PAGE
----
Turkey, Kurds trade accusations even as Syria truce takes hold

BEIRUT: The commander of Kurdish forces in Syria accused Turkey of sabotaging a US-brokered truce Saturday by blocking the withdrawal of his forces from a flashpoint border town in northeastern Syria.

In a wide-ranging interview with AFP, Mazloum Abdi, head of the Syrian Democratic Forces (SDF), also said he still wished to see a role for the US in Syria to counterbalance Russian influence, while recommitting his forces to countering the Islamic State (IS) group.



"The Turks are preventing the withdrawal from the Ras al-Ain area, preventing the exit of our forces, the wounded and civilians," Abdi said in a phone interview from Syria.

Under a US-brokered ceasefire announced Thursday evening, the massively outgunned SDF forces are meant to withdraw from a key strategic area near the Syrian-Turkish border within five days.

A Turkish official accused the Kurds of "disseminating false information to sabotage the Turkey-US agreement" and denied Ankara was blocking a pullout.

"Turkey is 100% behind the deal," the official said.



But for his part, Abdi said he could not abandon his forces in Ras al-Ain, which is besieged by Turkish troops and their Syrian allies.

He said the United States was not doing enough to force Turkey to abide by the agreement, which was brokered by US Vice President Mike Pence after talks in Ankara.

"If there is no commitment, we shall consider what happened a game between the Americans and Turkey – on one side preventing the troop withdrawal while on the other claiming our forces did not withdraw," Abdi said.

"We will consider it a conspiracy against our forces," he added.

He said SDF forces were committed to withdrawing "until a new security mechanism is in place to protect civilians".


Abdi denied Turkish claims of an agreement leading to their withdrawal from a wider 440-kilometre border.

The deal concerned only a 120-kilometre area from Tal Abyad to Ras al-Ain in northern Syria and as far south as the M4 highway – a key east-west artery that links the Kurdish heartland in the northeast with Syria's second city Aleppo and the Mediterranean coast beyond.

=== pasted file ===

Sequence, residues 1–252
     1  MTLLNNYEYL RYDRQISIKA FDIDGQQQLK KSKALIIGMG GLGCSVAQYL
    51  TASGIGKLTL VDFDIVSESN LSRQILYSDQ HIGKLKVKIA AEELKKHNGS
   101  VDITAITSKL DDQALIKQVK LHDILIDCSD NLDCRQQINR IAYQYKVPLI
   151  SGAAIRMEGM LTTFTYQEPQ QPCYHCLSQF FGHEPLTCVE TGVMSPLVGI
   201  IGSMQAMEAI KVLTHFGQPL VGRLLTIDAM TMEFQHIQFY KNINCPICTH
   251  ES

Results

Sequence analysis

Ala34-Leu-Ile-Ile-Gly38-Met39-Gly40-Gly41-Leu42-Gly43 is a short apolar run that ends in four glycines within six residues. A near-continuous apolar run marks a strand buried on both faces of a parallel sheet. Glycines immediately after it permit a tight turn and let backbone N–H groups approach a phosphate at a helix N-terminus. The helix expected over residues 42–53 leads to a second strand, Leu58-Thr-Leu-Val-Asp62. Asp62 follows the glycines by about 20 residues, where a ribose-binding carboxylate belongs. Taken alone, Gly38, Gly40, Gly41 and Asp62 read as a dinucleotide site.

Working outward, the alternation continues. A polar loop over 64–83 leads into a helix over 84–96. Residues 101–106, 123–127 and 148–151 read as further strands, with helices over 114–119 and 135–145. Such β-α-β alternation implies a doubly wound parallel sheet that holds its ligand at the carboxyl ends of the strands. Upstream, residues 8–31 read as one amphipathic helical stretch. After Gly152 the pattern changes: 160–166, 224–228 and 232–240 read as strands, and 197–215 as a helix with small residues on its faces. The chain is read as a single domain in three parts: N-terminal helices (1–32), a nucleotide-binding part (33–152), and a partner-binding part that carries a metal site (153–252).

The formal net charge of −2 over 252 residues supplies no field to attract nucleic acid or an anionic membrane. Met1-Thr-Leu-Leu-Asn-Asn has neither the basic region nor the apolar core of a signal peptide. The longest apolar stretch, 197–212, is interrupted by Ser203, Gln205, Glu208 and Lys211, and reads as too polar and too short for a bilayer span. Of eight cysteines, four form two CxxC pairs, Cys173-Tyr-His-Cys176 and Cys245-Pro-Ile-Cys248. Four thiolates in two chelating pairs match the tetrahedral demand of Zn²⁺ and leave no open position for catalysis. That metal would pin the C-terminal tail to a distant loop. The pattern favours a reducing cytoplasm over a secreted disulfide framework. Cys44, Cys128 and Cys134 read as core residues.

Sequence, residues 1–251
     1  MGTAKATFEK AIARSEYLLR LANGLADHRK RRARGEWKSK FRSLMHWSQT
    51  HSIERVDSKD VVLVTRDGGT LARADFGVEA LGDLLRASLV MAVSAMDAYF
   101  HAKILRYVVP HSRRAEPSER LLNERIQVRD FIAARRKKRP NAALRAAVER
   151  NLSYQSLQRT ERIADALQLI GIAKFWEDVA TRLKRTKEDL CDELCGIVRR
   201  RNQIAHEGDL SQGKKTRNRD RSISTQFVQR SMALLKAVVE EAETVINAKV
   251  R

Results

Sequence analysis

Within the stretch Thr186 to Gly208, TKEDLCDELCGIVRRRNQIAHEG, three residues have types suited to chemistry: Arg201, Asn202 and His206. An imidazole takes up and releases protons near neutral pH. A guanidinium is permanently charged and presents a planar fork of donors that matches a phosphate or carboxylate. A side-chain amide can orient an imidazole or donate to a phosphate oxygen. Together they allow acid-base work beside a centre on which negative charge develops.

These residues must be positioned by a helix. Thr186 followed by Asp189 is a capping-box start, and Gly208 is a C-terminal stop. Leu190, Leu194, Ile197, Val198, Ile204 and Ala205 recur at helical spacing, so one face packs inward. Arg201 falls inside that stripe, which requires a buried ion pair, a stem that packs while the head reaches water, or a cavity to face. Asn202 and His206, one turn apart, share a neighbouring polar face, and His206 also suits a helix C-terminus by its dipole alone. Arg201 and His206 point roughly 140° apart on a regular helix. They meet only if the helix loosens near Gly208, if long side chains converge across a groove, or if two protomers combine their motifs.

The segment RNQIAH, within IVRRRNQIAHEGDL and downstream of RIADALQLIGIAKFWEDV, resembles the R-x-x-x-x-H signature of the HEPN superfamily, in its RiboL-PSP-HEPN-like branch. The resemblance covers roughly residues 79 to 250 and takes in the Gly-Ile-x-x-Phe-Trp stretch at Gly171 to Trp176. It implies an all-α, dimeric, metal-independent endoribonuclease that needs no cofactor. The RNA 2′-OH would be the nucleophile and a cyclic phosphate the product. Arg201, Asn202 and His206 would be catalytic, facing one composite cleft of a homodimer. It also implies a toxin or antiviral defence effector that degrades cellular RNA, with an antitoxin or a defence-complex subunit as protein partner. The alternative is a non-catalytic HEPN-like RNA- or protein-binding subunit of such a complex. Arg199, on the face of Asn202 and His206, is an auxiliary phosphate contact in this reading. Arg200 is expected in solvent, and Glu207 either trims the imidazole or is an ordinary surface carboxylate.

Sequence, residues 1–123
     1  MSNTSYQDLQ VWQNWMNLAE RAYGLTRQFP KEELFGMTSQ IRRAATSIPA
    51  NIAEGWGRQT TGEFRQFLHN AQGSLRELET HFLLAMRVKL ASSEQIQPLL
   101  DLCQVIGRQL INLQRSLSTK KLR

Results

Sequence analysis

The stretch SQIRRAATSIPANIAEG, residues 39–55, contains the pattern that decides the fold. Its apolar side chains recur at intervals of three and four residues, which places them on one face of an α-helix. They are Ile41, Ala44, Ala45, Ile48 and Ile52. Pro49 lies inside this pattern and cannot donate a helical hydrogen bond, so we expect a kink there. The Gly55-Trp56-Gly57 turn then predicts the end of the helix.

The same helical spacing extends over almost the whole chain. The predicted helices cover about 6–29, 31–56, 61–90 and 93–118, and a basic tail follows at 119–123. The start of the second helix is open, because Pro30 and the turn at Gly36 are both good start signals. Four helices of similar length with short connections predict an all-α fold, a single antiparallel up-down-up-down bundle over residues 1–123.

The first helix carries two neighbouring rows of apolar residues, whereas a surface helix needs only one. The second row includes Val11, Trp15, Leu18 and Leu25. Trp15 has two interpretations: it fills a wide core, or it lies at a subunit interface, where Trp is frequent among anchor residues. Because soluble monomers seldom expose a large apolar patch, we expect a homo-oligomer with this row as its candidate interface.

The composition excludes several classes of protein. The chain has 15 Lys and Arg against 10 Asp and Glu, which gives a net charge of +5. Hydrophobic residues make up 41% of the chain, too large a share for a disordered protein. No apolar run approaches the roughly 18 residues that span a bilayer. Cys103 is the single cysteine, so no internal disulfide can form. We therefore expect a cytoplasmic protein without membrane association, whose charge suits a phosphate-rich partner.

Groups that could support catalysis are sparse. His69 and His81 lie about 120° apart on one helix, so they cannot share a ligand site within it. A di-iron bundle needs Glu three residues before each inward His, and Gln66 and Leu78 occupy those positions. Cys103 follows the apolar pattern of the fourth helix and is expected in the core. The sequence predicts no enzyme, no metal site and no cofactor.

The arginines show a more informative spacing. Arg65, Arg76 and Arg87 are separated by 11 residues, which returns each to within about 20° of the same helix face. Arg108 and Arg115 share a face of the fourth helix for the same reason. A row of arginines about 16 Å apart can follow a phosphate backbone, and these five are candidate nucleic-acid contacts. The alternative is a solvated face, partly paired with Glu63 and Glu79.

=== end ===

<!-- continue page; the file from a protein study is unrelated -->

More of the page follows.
The US had been closely allied with SDF forces in northern Syria until President Donald Trump announced last week he would withdraw American troops ahead of a Turkish offensive.

The Turkish offensive has killed dozens of civilians, mainly on the Kurdish side. (Photo: AFP/Delil Souleiman)


Critics have accused him of abandoning the Kurds, with whom the US fought a bloody campaign to destroy IS militants in the country.

US troops have pulled back from multiple locations near the site of the Turkish offensive, but there is still an American presence in the country.

Around 11,000 Kurdish troops died in the battles against IS, while thousands of IS fighters and their families are in Kurdish-run prisoners.

Abdi said he was disappointed by the withdrawal, but still wanted the US to have an influence in Syria.

"We want there to be a role for America in Syria, not only Russia and others monopolising the scene," he said.

"It is in our interest that the American forces remain to maintain balance in Syria."

He said Trump had given contradictory messages, telling him one thing on the phone before sending out tweets criticising the Kurds.


During Syria's eight year civil war the Kurds had carved out a semi-autonomous region in the country's northeast.

Following the US announcement and faced with the prospect of an imminent Turkish onslaught, they broRead More – Source